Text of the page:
Judge chosen in Collins case, ex-treasurer goofs, local rent report, and more 


Judge chosen in ethics case

City Councilor Helen Collins is seeking to have retired Judge Robert Hyatt disqualified from hearing charges of ethics violations against her, citing his involvement as the presiding judge over a grand jury that indicted her friend and political ally, Douglas Bruce, for tax evasion.

The ethics charges stem from a property transaction in which Collins received a condominium from Bruce and then sold it to a third party, even as the city was trying to place a lien on the property, though it's unclear whether Collins knew of the lien at that time. Hyatt, with the Judicial Arbiter Group Inc. of Denver, has been contracted at $360 per hour, with a not-to-exceed amount of $10,000, according to the Council's outside counsel, Suzanne Dugan of New York.

"His duty is clearly to find for his paying 'client' and against me," Collins says in an affidavit in support of her motion.

Collins, elected to Council in 2013, survived a recall effort earlier this year. Her term continues to 2017. — PZ

Ex-treasurer Balink goofs

El Paso County taxpayers will pay $110,000 to Darin Zaruba due to a mistake made by former County Treasurer Bob Balink a year ago, county commissioners decided last week. Balink allowed mobile home owners whose tax liens had been purchased by Zaruba to redeem them after the deadline imposed by statute.

Zaruba originally sought to be reimbursed for lost revenue from six mobile homes, but it turned out to be four, county officials say, with a total value of $94,870. The additional portion of the settlement amount is to cover attorney fees. Zaruba says in his lawsuit that Balink told him he "didn't know what the exact process was" in allowing late redemptions by owners.

Balink, who left office in January after not seeking reelection, didn't respond to an email seeking comment. — PZ

Rents here not too high

Apartment List, which bills itself as the world's fastest-growing online rental marketplace, has released its August Colorado Rental Price Monitor, showing which cities have the highest and fastest-growing rents based on "several hundred thousand monthly listings on our site."

It found that Colorado's one-bedroom rentals go for an average of $50 less than the national average price of $1,050, but its two-bedroom prices are $200 higher than the national average of $1,100.

Boulder had the highest rent statewide, with an average two-bedroom going for $2,030. Denver was No. 6 among the most expensive cities, with a two-bedroom going for an average of $1,555 a month. Westminster topped the Colorado cities with the fastest-growing rent, with year-to-year growth at 13.7 percent.

Interestingly, Colorado Springs, where an average two-bedroom went for $910, didn't make the Top 10 for highest-rent cities in Colorado or Colorado cities with the fastest-growing rent.

Rent on a two-bedroom in the Springs grew just 3 percent year-to-year. — JAS

$89K and counting

Advocates for Mayor John Suthers' .62 of a percent sales tax hike to fix roads are off and running, with 15 donations totaling $89,000, campaign finance reports show.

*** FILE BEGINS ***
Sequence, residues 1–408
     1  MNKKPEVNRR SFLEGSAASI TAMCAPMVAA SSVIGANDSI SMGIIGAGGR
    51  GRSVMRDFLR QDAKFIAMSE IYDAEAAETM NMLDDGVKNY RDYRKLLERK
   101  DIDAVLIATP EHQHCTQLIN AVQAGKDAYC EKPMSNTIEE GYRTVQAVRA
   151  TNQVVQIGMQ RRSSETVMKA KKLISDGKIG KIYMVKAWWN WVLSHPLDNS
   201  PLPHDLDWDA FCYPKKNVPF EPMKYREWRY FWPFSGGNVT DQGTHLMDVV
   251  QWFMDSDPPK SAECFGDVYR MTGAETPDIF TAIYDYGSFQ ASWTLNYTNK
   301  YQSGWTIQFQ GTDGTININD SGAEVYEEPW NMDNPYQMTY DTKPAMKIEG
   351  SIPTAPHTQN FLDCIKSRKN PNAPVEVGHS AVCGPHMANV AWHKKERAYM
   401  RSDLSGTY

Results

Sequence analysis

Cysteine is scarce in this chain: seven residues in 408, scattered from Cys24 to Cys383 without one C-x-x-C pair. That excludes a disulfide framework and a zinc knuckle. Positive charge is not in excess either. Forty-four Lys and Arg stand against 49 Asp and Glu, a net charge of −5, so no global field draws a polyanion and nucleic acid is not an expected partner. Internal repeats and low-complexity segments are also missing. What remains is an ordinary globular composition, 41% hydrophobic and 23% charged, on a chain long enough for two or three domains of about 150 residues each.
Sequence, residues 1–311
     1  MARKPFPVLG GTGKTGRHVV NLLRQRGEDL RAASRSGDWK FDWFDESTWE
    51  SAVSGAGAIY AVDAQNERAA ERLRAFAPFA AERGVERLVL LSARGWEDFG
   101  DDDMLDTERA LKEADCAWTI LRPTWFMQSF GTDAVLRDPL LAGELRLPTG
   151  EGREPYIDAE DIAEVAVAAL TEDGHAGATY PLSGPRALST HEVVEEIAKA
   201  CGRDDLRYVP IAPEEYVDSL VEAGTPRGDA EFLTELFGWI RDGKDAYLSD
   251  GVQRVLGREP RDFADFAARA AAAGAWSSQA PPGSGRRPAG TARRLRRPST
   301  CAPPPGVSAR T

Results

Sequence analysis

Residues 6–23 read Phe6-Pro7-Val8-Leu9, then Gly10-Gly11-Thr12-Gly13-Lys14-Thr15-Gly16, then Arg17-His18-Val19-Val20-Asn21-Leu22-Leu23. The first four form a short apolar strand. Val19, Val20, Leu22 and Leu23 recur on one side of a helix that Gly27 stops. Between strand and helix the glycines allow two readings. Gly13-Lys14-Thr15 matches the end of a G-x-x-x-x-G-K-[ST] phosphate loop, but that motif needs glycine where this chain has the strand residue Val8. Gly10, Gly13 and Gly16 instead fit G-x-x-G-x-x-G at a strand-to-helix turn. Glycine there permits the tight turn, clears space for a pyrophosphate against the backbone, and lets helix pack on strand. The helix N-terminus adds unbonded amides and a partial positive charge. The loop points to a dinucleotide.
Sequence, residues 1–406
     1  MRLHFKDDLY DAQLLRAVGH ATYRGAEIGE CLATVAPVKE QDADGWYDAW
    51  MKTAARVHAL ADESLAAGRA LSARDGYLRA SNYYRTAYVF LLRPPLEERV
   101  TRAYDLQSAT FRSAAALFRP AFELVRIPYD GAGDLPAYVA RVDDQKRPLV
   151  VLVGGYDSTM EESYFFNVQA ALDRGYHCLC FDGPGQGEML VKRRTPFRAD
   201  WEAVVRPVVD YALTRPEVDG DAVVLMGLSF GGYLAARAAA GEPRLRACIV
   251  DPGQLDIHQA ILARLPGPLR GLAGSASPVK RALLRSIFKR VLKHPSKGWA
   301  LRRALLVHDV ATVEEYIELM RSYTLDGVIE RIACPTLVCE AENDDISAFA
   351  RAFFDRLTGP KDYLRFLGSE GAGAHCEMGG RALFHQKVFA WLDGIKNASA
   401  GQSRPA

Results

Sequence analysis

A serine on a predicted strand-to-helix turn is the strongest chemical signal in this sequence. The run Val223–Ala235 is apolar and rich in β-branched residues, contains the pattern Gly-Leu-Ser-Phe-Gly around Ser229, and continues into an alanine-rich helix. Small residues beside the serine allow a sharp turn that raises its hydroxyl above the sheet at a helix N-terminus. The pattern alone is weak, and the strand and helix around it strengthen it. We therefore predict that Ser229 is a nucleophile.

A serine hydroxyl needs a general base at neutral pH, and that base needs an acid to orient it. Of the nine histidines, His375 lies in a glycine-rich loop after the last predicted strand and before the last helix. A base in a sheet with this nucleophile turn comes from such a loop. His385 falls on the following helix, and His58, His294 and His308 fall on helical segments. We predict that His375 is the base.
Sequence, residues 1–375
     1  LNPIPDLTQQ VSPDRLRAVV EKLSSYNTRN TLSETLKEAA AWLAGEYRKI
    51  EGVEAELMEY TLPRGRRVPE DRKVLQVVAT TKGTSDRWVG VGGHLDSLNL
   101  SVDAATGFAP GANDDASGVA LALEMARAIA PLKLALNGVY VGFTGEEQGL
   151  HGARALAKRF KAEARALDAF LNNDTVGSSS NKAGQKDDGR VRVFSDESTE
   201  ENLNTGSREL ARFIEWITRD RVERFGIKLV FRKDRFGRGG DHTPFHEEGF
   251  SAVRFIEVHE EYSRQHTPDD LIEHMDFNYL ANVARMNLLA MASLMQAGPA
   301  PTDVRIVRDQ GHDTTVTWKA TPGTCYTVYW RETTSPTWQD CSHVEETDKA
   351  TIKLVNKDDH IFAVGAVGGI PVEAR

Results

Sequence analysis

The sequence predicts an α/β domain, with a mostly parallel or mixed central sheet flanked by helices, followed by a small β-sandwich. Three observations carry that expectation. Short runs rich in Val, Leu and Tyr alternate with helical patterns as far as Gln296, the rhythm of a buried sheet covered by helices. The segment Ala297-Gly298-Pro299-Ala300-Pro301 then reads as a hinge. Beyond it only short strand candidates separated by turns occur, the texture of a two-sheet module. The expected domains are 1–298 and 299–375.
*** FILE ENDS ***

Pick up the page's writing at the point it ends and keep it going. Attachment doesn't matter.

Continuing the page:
Springs Citizens Building the Future reported no spending in its first report, filed Sept. 1. Most donations came from contractors, developers and organizations whose members might benefit from the $50 million annually for five years the tax hike would generate, including Associated General Contractors of Colorado of Denver and Colorado Asphalt Pavement Association of Centennial.

Meantime, anti-tax activist Douglas Bruce has started the "vote no" effort with a website, raisetaxesagain.com. — PZ

Station gets LEED rating

The city's newest fire station, No. 21 at 7320 Dublin Blvd., has been assigned a platinum certification under the Leading in Energy Efficiency Design rating system. It's the first building in the city to achieve the designation, the city says in a release.

The station opened in August 2013 and incorporates several energy efficiency features designed to save 60 percent in energy and utility costs over its lifespan, the release says. For example, solar photovoltaic panels on the roof generate most power the station uses. The building also features a graywater system. — PZ

Chopper crashes

On Sept. 2, for the second time in five years, an Army helicopter crashed in Pike National Forest during training maneuvers, sending two of the four soldiers on board the UH-60 Black Hawk from the 4th Combat Aviation Brigade to Memorial Hospital.

An investigation team from the Army's Combat Readiness Center at Fort Rucker, Alabama, is conducting an investigation.

In June 2010, an Apache helicopter crashed in the forest, injuring two. — PZ

'Pop-up' a store downtown

Starting a business can be intimidating. But imagine if you could just "try out" a new business. That's essentially what the Colorado Springs Downtown Development Authority is offering in its 2015 Holiday Pop-Up Shop Program.

Instead of empty storefronts during the holiday shopping season, property owners work with the DDA to offer entry-rate, short-term lease options for potential downtown retailers. Rents are a third of the normal cost and there's also a $50 fee and a $250 refundable deposit.

If you're interested, apply before 5 p.m. on Sept. 18. More information and applications are available at bit.ly/1N81Tn4. — JAS

Senior Open returns here

Adding to its long list of distinguished golf tournaments, The Broadmoor will host the 2018 U.S. Senior Open Championship, the U.S. Golf Association announced on Tuesday. It's the eighth time the resort has landed a USGA championship.

The June 28-July 1 event will coincide with The Broadmoor's 100th anniversary.

The resort hosted the U.S. Senior Open in 2008 and the U.S. Women's Open in 2011. — PZ


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